15-Year-Old Becomes 1st Asian Winner of Hamamatsu Contest


Cho Seung-jin, a 15-Year-old Korean student,
became the first Asian and youngest winner of the 2009 Hamamatsu International Piano Competition in Japan.
/ Courtesy of Kumho Asian Cultural Foundation

Four South Koreans swept top prizes at the 2009 Hamamatsu International Piano Competition, Japan, with a 15-year-old student becoming the first Asian ― and the youngest ever ― winner of the prominent Japanese music event.

In addition to the first prize Cho Seung-jin also won the award for Best Performance of the Japanese Work, for his interpretation of a commissioned work by Akira Nishimura, and took home 3.3 million yen (about 43 million won), the competition announced

``Cho's 'Daydream for piano' was softly interpreted withholding sense of strain. He exerted high technique in following Chopin's Etude 10-1 and Liszt's Etude d'execution transcendante No. 10," said an official report on the competition's Web site, about Cho's performances on the second round of the event. "In Schumann's `Fantasiestrueke,' he distinguished each piece with each different color, and beautifully showed cadence that appeared and then disappeared.''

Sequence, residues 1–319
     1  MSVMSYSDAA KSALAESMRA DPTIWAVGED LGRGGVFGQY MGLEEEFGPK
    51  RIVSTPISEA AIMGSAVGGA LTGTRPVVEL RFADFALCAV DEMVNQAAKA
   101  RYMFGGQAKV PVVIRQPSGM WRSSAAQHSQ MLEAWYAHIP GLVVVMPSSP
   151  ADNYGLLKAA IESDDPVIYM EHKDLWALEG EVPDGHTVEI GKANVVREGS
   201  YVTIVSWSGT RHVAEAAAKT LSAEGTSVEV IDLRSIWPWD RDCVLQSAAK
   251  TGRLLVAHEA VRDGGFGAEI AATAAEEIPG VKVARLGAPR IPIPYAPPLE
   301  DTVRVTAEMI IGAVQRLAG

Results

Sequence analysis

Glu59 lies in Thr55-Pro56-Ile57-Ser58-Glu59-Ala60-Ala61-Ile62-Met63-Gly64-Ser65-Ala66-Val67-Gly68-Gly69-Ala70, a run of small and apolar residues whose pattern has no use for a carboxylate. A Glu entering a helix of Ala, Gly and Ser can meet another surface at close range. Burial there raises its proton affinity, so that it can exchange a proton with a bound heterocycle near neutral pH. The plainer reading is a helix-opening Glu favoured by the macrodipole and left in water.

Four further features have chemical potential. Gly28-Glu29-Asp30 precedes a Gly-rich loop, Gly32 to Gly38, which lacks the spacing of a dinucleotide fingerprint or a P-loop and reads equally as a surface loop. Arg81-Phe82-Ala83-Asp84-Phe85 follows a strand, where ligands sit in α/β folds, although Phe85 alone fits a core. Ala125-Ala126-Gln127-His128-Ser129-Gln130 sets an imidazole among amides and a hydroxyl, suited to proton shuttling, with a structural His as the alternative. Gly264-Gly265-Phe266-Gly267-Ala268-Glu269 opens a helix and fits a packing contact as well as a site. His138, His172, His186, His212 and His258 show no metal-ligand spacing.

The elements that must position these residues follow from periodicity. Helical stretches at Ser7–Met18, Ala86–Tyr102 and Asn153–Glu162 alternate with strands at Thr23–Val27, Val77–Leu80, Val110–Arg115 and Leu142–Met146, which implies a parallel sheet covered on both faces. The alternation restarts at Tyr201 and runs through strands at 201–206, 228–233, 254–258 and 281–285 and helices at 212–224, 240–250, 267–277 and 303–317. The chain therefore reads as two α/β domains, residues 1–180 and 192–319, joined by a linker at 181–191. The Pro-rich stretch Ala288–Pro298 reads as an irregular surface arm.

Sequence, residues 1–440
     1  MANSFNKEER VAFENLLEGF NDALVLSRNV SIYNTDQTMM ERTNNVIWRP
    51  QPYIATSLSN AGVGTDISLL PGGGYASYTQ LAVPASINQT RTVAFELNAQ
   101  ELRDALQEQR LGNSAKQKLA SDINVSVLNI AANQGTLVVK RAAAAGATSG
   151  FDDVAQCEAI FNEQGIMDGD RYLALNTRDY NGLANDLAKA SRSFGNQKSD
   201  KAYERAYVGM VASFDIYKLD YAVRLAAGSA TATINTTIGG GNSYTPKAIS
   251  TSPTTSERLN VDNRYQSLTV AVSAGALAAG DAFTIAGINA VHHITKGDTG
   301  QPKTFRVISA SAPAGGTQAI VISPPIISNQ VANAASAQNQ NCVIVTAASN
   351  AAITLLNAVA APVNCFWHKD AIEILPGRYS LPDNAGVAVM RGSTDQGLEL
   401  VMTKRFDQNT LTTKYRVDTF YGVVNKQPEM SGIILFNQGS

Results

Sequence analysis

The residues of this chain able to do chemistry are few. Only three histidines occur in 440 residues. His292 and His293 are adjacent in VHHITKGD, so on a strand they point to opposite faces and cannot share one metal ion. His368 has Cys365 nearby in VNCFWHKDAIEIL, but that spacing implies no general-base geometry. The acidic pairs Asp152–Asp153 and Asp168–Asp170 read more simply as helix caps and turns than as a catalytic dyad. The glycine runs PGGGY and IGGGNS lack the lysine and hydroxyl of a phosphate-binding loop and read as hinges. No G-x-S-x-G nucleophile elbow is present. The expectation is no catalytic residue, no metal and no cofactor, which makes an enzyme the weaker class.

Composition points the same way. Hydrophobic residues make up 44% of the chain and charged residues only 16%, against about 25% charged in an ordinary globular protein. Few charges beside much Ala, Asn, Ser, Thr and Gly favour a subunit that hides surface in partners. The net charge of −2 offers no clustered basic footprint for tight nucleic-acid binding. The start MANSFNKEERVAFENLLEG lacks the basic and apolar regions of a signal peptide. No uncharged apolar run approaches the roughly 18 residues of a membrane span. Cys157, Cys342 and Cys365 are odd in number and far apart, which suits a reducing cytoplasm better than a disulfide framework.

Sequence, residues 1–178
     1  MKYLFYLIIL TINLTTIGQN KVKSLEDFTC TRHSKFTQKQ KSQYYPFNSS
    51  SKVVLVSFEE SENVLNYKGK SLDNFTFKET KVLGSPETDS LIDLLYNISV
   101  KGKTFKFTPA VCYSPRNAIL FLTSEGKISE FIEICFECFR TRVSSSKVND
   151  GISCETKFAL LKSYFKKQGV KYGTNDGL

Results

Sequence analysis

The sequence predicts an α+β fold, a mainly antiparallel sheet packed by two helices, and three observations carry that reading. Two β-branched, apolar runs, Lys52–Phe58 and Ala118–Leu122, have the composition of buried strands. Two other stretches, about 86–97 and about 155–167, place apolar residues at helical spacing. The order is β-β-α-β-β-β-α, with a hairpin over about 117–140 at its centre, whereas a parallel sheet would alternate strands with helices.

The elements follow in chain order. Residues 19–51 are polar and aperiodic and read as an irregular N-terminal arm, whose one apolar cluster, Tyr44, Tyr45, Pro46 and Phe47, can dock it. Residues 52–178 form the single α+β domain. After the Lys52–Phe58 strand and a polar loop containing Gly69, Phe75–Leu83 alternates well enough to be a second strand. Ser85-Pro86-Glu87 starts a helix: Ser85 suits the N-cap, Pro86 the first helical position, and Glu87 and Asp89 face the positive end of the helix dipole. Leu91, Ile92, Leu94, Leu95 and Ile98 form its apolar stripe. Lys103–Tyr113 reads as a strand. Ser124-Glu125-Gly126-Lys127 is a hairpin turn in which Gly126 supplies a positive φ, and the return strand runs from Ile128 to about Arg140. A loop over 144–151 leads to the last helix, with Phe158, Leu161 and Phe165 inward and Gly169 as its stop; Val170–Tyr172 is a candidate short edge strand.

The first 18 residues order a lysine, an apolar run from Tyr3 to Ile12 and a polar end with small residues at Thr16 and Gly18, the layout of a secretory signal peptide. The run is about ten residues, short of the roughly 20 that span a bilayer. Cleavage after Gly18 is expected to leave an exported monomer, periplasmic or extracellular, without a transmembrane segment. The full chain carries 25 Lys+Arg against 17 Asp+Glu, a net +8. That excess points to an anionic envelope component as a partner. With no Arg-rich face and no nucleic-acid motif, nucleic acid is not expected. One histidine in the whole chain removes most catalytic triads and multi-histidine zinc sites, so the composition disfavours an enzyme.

Meanwhile Korea's Huh Jae-won, 23, won third place while Kim Hyun-jung, 18, ranked fifth and Ann Soo-jung, 22, finished sixth among the six finalists.

Top prizewinner Cho made his concert debut at age 11 through Kumho Asiana Cultural Foundation's child prodigy program and won several domestic music competitions.

Last year he swept the 6th Moscow Internationla Frederick Chopin Competition for Young Pianists, where he won the top prize and additional prizes for the concerto section and outstanding performance. He was the youngest ever winner in the event's history. For this he was honored with a Budding Youth prize by the Corea Image Communication Institute (CICI) in January for promoting Korea's image overseas.

A noted rising young talent here, he received acclaim for his performance in the Seoul Philharmonic Orchestra's charity concert in May. He will play Ravel's Piano Concerto in G major with the orchestra, conducted by Maestro Chung Myung-whun, on Dec. 22 at Seoul Arts Center.

Launched in 1991, the Hamamatsu competition takes place every three years. Kim Tae-hyung, who is known here for taking part of a four-piano performance opposite Maestro Paik Kun-woo in May, won the third prize at the previous edition of the competition in 2006. In 2000, popular pianist Im Dong-hyek won the second prize.

This year the jury members included esteemed Israeli pianist/teacher Arie Vardi, whose students include Yundi Li, and Korean pianist/teacher Kim Dae-jin, who is known for teaching Kim Sun-wook and Son Yeol-eum.